New charges anger small businesses

Eftpos machines have become more expensive for small or independent businesses after new fees were introduced this month.
Eftpos machines have become more expensive for small or independent businesses after new fees were introduced this month. Nicholas Falconer

INDEPENDENT supermarkets and newsagents are among those most vocal about the new EFTPOS charges that came into effect on the first of this month.

The new Eftpos Payments Australia Limited (EPAL) fees mean traders incur a five-cent fee for every transaction over $15. Previously there was no charge.

There will be no fee for transactions under $15. What is charged will be done via the retailer's bank. And while it compares well to the 12-cents per transaction charge for using credit cards, small business is up in arms.

Australian Newsagents Federation CEO Alf Maccioni described the new model as an "EFTPOS tax", arguing the fees will cost consumers and small businesses in excess of $150 million annually.

He said many small businesses bearing the brunt of the charges will have no choice but to pass it on to customers.

Another twist in the tale involves EPAL's members, who include the major banks, Coles and Woolworths. They manage their own terminals and can opt out of the new charges.

"This completely removes the previous level playing field for Australia's thousands of small businesses, including our community newsagents," he said.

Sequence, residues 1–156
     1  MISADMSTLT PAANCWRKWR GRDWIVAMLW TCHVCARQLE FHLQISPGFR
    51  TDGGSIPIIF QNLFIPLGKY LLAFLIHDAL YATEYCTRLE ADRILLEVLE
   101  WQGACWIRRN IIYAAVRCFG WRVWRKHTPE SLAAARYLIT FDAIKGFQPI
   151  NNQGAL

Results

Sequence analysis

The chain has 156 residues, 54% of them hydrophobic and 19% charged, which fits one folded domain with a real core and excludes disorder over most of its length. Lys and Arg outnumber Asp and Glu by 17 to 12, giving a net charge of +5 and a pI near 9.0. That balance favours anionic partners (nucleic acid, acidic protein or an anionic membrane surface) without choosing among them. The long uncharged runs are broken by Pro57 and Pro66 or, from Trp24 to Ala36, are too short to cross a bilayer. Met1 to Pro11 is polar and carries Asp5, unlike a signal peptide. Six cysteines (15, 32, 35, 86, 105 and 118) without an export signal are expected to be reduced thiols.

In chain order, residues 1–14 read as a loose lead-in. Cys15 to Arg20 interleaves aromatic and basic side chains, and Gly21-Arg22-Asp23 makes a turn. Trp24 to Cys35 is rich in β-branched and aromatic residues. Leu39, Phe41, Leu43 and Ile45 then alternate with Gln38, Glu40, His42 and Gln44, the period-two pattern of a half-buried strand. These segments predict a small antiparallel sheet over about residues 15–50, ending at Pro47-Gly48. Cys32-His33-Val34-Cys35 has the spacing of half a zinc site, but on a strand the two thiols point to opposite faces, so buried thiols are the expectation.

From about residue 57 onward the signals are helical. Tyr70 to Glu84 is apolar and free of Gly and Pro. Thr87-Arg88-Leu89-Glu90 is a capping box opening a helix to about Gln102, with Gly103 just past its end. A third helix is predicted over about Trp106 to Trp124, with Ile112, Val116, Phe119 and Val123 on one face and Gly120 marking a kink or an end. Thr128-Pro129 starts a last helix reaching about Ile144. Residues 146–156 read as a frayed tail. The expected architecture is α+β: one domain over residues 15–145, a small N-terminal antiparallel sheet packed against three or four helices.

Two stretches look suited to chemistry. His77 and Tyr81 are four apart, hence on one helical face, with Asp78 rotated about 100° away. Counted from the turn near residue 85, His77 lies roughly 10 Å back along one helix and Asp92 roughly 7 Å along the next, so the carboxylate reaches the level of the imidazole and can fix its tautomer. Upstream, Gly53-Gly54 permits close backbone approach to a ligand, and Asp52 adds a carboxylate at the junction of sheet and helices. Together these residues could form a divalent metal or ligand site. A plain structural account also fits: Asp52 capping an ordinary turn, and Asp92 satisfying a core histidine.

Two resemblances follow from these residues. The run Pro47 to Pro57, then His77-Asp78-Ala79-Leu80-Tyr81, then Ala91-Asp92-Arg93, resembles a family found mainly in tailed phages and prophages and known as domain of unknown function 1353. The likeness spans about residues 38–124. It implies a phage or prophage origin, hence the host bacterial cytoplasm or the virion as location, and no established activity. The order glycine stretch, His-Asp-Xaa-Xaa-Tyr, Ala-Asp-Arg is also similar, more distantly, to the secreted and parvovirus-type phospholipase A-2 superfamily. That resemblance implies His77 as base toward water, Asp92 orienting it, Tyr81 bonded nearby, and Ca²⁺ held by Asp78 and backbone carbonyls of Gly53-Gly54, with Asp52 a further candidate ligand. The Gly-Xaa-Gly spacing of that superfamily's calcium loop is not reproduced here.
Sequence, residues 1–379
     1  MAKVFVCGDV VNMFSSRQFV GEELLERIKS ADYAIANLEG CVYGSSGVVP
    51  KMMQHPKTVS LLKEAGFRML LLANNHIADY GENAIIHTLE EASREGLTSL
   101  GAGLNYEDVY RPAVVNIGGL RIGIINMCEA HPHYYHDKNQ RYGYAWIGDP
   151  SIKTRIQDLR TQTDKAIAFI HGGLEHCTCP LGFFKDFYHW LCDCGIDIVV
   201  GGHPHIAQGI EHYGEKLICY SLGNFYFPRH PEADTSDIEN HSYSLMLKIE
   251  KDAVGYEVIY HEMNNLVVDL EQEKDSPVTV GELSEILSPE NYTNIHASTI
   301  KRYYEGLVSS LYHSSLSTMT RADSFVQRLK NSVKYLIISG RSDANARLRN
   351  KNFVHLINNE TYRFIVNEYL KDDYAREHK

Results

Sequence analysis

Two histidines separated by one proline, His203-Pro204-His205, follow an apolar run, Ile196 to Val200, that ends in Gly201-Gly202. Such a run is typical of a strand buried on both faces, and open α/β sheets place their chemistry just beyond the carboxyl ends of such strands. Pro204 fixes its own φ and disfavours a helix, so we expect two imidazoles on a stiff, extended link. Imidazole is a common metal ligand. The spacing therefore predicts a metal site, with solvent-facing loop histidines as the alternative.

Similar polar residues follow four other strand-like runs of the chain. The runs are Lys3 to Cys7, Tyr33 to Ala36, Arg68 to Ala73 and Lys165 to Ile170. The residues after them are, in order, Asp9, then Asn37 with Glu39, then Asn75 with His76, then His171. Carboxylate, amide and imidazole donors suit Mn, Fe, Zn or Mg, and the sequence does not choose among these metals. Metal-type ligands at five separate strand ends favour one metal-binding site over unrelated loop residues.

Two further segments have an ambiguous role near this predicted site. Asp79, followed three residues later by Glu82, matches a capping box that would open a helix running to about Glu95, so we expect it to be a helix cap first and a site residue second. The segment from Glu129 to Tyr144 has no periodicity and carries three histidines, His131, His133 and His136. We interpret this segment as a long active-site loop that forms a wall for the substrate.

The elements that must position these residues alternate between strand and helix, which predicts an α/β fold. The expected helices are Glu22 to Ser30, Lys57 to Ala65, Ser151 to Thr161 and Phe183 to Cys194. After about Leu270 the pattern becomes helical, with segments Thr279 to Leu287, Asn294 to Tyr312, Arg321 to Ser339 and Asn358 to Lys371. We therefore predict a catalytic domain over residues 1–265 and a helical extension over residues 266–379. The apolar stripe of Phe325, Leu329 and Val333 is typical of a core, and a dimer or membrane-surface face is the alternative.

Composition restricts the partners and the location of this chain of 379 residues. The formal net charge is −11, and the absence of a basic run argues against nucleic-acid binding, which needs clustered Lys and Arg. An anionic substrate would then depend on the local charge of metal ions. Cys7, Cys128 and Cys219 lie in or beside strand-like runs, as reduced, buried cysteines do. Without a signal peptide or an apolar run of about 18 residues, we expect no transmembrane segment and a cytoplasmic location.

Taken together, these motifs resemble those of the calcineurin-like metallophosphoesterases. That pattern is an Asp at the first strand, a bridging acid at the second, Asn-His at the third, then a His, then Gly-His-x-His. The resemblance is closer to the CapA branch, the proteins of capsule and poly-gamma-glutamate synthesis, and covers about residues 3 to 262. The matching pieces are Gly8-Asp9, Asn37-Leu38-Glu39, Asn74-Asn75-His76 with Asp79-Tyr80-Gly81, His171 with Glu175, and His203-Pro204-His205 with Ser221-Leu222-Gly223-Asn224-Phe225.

"Coles and Woolworths will continue to receive a rebate and get a further leg up to increase their market advantage over struggling small businesses."

An EPAL spokesperson told Better Business last week the two big supermarket giants were among the first to invest in the original EFTPOS system when it was introduced in the 1990s.

They funded their own payments infrastructure and acted essentially like an acquiring bank. The spokesperson could not say which members would opt in or out of taking on the charges.

A March press release said the new fee structure was brought in to strengthen competitiveness and encourage investment in EFTPOS to fund enhancements like chip technology for secure, contactless and mobile payments.

EPAL managing director Bruce Mansfield, who refused to be interviewed for this story, previously said EFTPOS remained a cheaper transaction option for merchants, with 25% of EFTPOS transactions below $20 and the reverse interchange fee at -15 cents, meaning merchants have an incentive to provide cash out.

Topics:  business small business

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